Oxalis oregana

Here’s a photo of Oxalis oregana, or redwood sorrel. I took this photo in May, within the California coast redwood forest of Prairie Creek Redwoods State Park. This was during an ecology field course.

Oxalis oregana, of the Oxalidaceae, is native to coastal British Columbia, Washington, Oregon, and California. This perennial groundcover grows in dense carpets under the shaded canopy of redwood and Douglas-fir forests. Redwood sorrel is a species that prefers shade–photosynthesizing at light levels of 1/200th of full sunlight. When it is too bright, the three heart-shaped leaves fold downward until it is shady again.

Not seen in this photograph are the delicate, pink to white flowers with five petals. This species also contains oxalic acid, leaving the edible leaves with a sour and tangy taste. This hints at the genus name Oxalis coming from the Greek oxys, meaning “sour”.

Oxalis oregana

6 responses to “Oxalis oregana”

  1. Jane / MulchMaid

    One of my favorite native groundcovers for all the shade in my front garden. So Oregon!

  2. Sandy Steinman
  3. Bonnie

    Puts me in mind of the shamrock. 🙂 Well the one we all draw.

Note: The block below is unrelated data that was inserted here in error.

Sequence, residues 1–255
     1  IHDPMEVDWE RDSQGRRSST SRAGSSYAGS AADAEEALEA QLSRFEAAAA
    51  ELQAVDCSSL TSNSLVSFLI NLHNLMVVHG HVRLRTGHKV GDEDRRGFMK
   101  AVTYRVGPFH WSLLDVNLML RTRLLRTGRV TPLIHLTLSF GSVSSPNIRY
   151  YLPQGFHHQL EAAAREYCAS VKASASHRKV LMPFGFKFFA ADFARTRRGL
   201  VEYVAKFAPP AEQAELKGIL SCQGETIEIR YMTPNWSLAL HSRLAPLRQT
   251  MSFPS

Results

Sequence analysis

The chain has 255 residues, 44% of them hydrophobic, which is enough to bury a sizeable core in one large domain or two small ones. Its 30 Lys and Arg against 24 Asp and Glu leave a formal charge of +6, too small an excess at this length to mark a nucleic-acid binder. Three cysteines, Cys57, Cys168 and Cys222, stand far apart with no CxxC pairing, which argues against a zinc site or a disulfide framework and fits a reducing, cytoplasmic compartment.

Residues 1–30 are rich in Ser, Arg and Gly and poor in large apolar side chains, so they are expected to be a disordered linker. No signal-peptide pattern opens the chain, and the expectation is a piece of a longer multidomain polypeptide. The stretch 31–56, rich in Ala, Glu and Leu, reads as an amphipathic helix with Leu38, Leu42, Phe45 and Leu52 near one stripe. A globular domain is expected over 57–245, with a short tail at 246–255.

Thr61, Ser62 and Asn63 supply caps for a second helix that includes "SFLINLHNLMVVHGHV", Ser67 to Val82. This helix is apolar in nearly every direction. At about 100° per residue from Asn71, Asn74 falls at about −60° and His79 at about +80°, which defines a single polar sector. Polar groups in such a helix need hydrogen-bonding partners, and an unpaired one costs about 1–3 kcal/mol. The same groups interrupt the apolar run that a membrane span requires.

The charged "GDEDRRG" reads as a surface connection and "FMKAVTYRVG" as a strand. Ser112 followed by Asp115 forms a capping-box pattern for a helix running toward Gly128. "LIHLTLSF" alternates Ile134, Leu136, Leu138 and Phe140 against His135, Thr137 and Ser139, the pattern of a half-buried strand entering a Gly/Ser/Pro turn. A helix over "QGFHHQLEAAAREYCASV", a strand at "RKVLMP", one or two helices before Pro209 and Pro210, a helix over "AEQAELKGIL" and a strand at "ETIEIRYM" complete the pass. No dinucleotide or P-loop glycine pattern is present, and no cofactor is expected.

4. Leigh

    Very pretty. Does anyone know if the purple variety of oxalis has edible leaves, as well?

  5. Taisha

    Thanks for posting your photos, Sandy! Apparently the leaves of the purple variety, Oxalis triangularis, is edible. However, as it too contains oxalic acid, I have read it is not recommended to eat large quantities of raw leaves, and that cooking the leaves does reduce the amount of acid.
    You may or may not know that oxalic acid is also present in spinach (Spinacia oleracea).

  6. Old Ari

    Oxalic is a very strong organic acid, and it complexes iron salts, nibble a few leaves but don’t overdo

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